LEWISTON, Maine (NEWS CENTER) -- Army Sergeant Christy Gardner was injured in the line of duty while serving overseas as a military police officer. She suffered skull and facial fractures as well as a spinal cord injury that left her without the use of her legs.

Since then, Gardner, a native of Lewiston, Maine has been through 22 surgeries. Her doctors gave her a three-page list of things she would never do again. “They said I'd never live alone or be independent,” Gardner said. “They said I wouldn't walk or ride a bike or even be able to bathe alone.”

But Gardner was on a mission. Beneath the shock and anguish, she was determined to live her life to the fullest, no matter the challenge.
“I'm highly competitive and there was no way I was going to settle for my wheelchair and sitting on the couch."

After years of physical and speech therapy, Gardner’s medical team decided it would be in her best interest to have her legs amputated. She had the left removed in the summer of 2015, and her right leg the next year.

Ten months have passed since Gardner made the choice to become a double amputee. She says she was petrified the moments right before the surgery; not only of what the future might hold but that her doctors would back out of the surgery.

On the day of her operation, Gardner wasn’t able to reach the clinic for someone to pick her up from the airport in San Diego. She began to wonder if she was scammed and lost her deposit. Later, she realized the person picking her up waited at the other end of the baggage claim the whole time. Gardner said she was skeptical right up until she was rolled into the operating room. "I kept expecting them to change their minds like the doctors here (in Maine]).” After the surgery, "it was weird," Gardner said. "I was no longer in pain so I kept forgetting I was an amputee."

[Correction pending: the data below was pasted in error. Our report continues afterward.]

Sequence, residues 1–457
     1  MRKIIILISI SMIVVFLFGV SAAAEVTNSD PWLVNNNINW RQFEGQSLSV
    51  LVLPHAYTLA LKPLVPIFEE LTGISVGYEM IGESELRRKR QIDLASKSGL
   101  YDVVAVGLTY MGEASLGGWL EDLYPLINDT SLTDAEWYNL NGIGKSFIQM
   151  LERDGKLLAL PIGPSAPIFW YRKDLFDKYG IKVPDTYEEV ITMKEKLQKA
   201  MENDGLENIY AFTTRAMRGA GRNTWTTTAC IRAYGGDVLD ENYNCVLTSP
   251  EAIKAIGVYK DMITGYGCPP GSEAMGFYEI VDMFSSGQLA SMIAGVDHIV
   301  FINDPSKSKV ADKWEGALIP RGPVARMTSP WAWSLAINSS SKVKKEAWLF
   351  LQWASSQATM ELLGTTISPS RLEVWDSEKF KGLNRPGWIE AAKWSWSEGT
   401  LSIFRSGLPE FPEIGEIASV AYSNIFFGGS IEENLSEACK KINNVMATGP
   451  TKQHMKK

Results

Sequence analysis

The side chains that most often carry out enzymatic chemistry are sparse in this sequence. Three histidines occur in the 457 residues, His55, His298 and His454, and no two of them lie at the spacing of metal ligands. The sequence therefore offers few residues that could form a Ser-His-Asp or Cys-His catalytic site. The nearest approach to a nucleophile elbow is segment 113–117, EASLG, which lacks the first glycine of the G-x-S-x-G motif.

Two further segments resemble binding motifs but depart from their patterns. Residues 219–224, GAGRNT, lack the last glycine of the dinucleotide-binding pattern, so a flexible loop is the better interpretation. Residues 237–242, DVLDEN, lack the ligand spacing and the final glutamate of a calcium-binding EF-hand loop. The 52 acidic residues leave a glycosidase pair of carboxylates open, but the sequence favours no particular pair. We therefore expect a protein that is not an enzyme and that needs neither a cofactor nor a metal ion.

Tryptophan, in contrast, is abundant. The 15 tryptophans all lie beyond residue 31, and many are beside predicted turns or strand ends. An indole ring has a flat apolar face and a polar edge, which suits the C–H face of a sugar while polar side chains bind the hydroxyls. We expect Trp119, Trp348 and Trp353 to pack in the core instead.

With the help of prosthetic legs, Gardner started walking the first week of May 2016. This year’s Dempsey challenge was her first 5k. “I was honestly worried about being able to finish since that distance is usually what I do in a whole day. I finished in almost exactly an hour and even ran the last 0.2 of a mile across the finish line.”

Gardner has proven wrong every doctor who told her it couldn't be done. While in rehab Gardner started playing sled hockey and eventually made the USA women's Sled Hockey team. This year is her 5th on the National Team. She was elected Team Captain in October 2016. She's also starred in track and field. “I've met what they call 'emerging athlete status' after six weeks of training.”

Two weeks after the Dempsey Challenge, Gardner embarked on an adventure to Oslo, Norway to take on the Europeans and Canadian Hockey teams.

Gardner will always be on a journey of hope and inspiration, despite the many obstacles she faces. “I have high hopes for the future of USA Track & Field...with my sights set on the 2018 Winter Games for hockey...and the 2020 Summer Games for track.”